Sissy Spacek achieved that communion in “Coal Miner’s Daughter,” in which she delivered a seamless portrayal of Loretta Lynn; so did Jennifer Lopez in “Selena,” Jamie Foxx in “Ray,” Chad Boseman in “Get on Up,” André Benjamin in “All Is by My Side” and the extraordinary ensemble cast of “Straight Outta Compton.” All of those actors merged with the larger-than-life artists they portrayed, offering the audience more than just an impressive display of I-can-do-that chops. One need only compare them with Kevin Spacey’s spot-on but superficial portrayal of Bobby Darin in “Beyond the Sea,” or Dakota Fanning and Kristen Stewart doing little more than posing in shag haircuts in “The Runaways,” to understand the difference between the shallows of mere mimicry and the far more demanding depths of honest characterization.
Both Cheadle and Hawke achieve the latter in “Miles Ahead” and “Born to Be Blue”; Hiddleston probably would have, if he’d been in a smarter, more nuanced movie. Unfortunately, “I Saw the Light” commits the same brand of plodding literalism that has made the musical biopic such a dreaded prospect in recent years — especially as the ’60s generation processes its impending mortality by memorializing its most famous cultural heroes on screen. The best of such cinematic monuments have banished the distraction of mimicry altogether: Witness Cate Blanchett’s sly, androgynous turn as Bob Dylan in the appropriately enigmatic, audaciously experimental biopic “I’m Not There.” Or Paul Dano and John Cusack’s intriguing dual performance as Brian Wilson in “Love & Mercy” — with Dano bearing an eerie physical and vocal resemblance to the real-life subject; Cusack not at all. Both those films, it bears noting, were written by Oren Moverman, who should be put in permanent charge of Hollywood’s Department of Boomer-Idol Commemoration.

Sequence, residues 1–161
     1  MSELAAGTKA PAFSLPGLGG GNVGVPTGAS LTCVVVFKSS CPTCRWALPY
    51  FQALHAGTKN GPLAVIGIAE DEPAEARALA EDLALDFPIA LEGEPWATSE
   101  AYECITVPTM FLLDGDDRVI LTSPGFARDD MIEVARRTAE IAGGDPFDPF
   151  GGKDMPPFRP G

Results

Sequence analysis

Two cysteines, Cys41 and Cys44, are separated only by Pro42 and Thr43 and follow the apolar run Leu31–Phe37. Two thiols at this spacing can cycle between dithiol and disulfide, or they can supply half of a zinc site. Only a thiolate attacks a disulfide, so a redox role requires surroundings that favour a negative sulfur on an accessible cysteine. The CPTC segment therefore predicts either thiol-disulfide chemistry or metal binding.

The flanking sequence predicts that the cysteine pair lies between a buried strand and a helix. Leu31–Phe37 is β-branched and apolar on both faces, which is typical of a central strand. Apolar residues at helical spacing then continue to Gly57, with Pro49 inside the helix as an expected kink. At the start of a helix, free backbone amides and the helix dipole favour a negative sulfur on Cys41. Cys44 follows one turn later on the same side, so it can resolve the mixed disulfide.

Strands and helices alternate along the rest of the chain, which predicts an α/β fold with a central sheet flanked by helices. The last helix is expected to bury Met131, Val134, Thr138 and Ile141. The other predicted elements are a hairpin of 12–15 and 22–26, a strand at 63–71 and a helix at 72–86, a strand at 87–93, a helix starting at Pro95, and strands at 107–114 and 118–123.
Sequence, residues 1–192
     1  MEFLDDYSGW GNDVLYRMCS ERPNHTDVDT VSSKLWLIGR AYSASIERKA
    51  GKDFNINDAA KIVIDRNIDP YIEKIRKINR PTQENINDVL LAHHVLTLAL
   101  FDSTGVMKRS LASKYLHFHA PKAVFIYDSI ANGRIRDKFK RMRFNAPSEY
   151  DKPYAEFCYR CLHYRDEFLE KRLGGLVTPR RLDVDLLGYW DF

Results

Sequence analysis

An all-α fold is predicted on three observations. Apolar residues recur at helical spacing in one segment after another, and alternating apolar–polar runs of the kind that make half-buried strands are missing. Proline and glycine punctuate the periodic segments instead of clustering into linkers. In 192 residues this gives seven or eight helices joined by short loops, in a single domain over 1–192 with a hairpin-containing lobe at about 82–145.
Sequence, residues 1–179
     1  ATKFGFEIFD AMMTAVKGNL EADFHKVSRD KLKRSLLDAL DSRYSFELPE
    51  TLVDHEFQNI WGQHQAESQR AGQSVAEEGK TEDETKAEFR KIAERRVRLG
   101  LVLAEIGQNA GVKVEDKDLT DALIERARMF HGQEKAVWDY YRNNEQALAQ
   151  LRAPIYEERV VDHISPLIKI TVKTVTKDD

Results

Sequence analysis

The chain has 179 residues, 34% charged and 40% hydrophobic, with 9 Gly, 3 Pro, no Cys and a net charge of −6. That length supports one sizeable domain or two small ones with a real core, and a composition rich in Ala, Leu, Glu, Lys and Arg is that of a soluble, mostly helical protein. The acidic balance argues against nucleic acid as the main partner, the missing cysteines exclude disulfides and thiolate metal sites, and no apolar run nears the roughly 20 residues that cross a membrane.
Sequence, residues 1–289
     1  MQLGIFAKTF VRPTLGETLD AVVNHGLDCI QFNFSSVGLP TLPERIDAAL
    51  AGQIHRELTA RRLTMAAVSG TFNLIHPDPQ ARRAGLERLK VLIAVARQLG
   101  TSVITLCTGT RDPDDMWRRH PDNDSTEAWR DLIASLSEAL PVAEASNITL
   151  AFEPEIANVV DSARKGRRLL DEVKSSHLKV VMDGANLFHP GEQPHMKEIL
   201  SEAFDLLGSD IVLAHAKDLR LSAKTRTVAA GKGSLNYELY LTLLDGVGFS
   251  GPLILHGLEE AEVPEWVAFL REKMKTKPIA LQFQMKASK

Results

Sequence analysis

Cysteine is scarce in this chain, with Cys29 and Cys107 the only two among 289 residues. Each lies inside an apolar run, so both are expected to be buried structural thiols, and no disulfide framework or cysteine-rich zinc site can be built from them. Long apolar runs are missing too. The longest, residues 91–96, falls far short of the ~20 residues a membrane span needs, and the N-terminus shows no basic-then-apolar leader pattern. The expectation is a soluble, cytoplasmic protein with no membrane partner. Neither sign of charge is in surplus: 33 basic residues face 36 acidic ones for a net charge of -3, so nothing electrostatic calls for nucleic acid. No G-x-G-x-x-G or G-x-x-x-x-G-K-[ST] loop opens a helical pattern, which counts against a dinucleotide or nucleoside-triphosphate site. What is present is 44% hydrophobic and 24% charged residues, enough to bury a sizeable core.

Moverman knows what anyone preparing to write, direct or act in a biopic needs to learn: When it comes to our most cherished icons, oblique is better than straight on. Characterization surpasses caricature. Interpretation transcends impersonation. The more abstract the aesthetic choices — the more the audience is encouraged to acknowledge rather than ignore the gap between performer and subject — the better the chances that a movie will avoid Wiki-ready narratives and “Walk Hard”-worthy cliches and become a thoughtful, densely layered, vividly specific portrait. After all, the artists these biopics celebrate were never content with on-the-nose homages to their influences. They re-imagined the nose, replaced it or got rid of it altogether, according to their own inimitable terms.
Correction: An earlier version of this story incorrectly attributed to P.T. Barnum a remark made by H.L. Mencken.